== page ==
I was shopping for a wet suit on craigslist. This guy was selling some spring suits and he sent pictures of them and prices — stuff like that. I decided to go with another vender. The next day I got a dick pic from his number. My response was, “Dude. I’m at Chili’s with my family.” He apologized and said it was an accident, which we all know was a huge lie…Art has always confronted sexism, racism and other cultural violences and it always will. Look and listen: you will find it in literature, music, tv and film.
Carmen Monoxide: Tattoo Artist + Artist
I use art as a form of confrontation. For me, It is a very concise way to share my own experience while addressing issues I want to bring attention to and start gears turning to get people thinking about how their own actions affect themselves and the world around them. My painting in I Didn’t Ask For This: A Lifetime of Dick Pics is titled “You Had To Ask For This” and depicts a nude girl from her camera phone’s view of her selfie, her version of a dick pic. My inspiration for the piece was that every time I have received a dick pic, the sender would likely request my own nudes, and I proudly hold my own private photos of myself at the empowering value of only being seen by requests that I get to decide whether or not to fulfill.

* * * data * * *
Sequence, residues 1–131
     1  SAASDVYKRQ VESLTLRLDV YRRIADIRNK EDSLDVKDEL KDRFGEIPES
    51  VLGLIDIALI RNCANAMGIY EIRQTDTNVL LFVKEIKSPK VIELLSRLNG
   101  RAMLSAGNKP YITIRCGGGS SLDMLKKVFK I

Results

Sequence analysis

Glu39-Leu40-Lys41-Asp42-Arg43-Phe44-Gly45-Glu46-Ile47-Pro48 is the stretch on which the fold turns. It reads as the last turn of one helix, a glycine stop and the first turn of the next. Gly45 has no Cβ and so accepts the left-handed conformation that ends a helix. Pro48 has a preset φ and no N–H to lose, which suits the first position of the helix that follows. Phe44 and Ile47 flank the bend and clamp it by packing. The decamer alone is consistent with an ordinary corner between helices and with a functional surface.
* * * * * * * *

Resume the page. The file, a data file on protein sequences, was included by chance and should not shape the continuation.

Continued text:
Nora Rachel: Artist
This is not about critiquing dicks, masculinity, or men in general. This is about critiquing sexual harassment, non-consensual behavior, and sexism. That distinction is key, because the rhetorical slips of “man hating” and “sex hating” when linked to feminist art are old and tired and still very much present.
Xavier Schipani: Artist + Designer